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No lawyers and a deluge of documents

No lawyers and a deluge of documents

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No lawyers and a deluge of documents

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  1. No lawyers and a deluge of documents The challenge of the hearing rule Jim Simpson

  2. Common themes across tribunals • Parties not seeing some documents before the hearing • Members likewise • Voluminous documents • Varying relevance • High volume jurisdictions • Mandate for informality, minimal legalism, inform as see fit

  3. Guardianship Tribunal context • Inquisitorial but also adversarial rights • Substitute decisions for a person with disability. • Parties –person, applicant, carer etc • Lawyers by leave and uncommon • GT investigation officer assists preparation • Documents from a range of sources • Parties often in conflict • Documents often inflammatory • Seek to conciliate • Guiding principles- paramountcy, family relationships

  4. A vital circle of relationships

  5. The hearing rule Kioa v West • A person is entitled to know the case against him or her and a reasonable opportunity to respond. • What is required depends on all the circumstances • Covers material that is adverse, credible, relevant and significant to the decision. And this is not a question of how the tribunal ultimately sees the evidence (Veal)

  6. It can be sufficient to give notice of the substance (Veal). • But not with some very significant documents (Moore) • Must be a real opportunity to respond. Party may need time to consider and seek other evidence. (Courtney v Peters) • What is required is qualified by informal, inquisitorial operation of some tribunals. (State of Queensland v Mahommed)

  7. Qualifications • Urgency or special hazard (Commissioner of Police v Tanos) eg risk of violence. • Consent • Preserving confidentiality of information or source – a balance (Veal) • Where notice would frustrate the purpose of the proceedings (Kioa v West) and so-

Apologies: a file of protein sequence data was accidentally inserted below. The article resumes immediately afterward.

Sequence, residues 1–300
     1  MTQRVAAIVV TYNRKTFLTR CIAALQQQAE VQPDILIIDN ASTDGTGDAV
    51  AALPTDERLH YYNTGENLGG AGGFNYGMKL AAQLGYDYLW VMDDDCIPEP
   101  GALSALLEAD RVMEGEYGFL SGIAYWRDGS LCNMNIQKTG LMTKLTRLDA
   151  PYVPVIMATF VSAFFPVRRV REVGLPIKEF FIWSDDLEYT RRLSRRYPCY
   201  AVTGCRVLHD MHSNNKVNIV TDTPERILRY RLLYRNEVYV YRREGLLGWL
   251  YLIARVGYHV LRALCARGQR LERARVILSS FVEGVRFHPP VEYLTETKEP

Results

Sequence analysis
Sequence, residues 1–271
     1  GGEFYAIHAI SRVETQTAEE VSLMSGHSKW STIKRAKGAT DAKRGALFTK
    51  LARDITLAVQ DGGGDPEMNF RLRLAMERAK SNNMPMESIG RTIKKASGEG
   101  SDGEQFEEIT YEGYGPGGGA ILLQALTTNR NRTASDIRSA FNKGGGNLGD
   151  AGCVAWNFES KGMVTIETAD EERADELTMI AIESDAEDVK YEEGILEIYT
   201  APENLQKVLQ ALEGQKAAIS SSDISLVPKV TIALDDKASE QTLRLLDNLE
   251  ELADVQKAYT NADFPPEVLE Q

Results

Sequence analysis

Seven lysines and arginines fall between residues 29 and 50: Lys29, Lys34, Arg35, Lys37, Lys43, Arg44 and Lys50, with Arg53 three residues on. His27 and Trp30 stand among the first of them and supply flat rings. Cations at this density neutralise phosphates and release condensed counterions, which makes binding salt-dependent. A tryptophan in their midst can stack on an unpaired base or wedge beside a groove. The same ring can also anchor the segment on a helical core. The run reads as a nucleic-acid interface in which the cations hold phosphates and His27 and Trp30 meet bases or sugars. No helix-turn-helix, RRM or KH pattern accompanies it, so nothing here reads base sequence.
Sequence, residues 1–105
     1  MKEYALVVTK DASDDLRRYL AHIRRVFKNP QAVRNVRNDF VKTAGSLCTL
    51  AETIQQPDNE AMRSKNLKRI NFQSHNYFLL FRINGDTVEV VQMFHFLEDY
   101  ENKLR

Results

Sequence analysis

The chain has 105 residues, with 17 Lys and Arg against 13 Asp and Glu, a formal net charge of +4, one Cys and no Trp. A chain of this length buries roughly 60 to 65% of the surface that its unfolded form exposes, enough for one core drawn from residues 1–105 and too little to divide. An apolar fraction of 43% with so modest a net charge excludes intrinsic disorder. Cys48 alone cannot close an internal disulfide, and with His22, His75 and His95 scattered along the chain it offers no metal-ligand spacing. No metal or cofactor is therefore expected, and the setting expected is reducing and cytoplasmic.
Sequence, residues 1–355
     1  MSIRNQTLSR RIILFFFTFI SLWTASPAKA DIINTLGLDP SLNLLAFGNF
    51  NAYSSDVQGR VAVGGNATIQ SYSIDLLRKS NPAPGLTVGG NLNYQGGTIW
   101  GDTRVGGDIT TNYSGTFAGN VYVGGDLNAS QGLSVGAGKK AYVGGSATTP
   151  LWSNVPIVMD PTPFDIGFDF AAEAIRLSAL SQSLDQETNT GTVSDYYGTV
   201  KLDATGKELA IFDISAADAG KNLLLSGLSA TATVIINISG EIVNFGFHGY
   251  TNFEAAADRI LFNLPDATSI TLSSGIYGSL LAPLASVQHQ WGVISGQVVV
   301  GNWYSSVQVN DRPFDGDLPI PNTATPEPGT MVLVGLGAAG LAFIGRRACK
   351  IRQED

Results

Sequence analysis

8. Paramountcy • Paramountcy may qualify procedural fairness and allow eg a welfare report being withheld from a parent (J v Lieschke) or a parent not being given notice of care proceedings (Re Andrew) • How far can this be taken?

  9. What the GT does • Parties are sent applications, and sometimes other key documents • Just pre hearing, parties read investigation officer’s report • In the hearing, members: • Identify contested/unresolved issues • Put to parties evidence they need to answer • Give parties an opportunity add evidence, question. • Seek to develop common ground • May put a tentative view

  10. Tricky issues • Procedural fairness for the person • The party who turns up with a box of documents • Inflammatory material – How much detail to put, reframing in less inflammatory terms • Naming sources • Confidentiality requests • Preservation of relationships • When is an adjournment required? • To what degree to deal with procedural fairness decisions in our reasons

  11. References Commissioner of Police v Tanos (1958) 98 CLR 383 Courtney v Peters (1990) 98 ALR 645 J v Lieschke (1986) 162 CLR 477 Kioa v West (1985) 159 CLR 550 Moore v Guardianship and Administration Board [1990] VR 902 Re Andrew [2004] NSWSC 842 State of Queensland v Mahommed [2007] QSC 018 Veal v Minister for Immigration and Ethnic Affairs [2005] HCA 72 jcsimpson@optusnet.com.au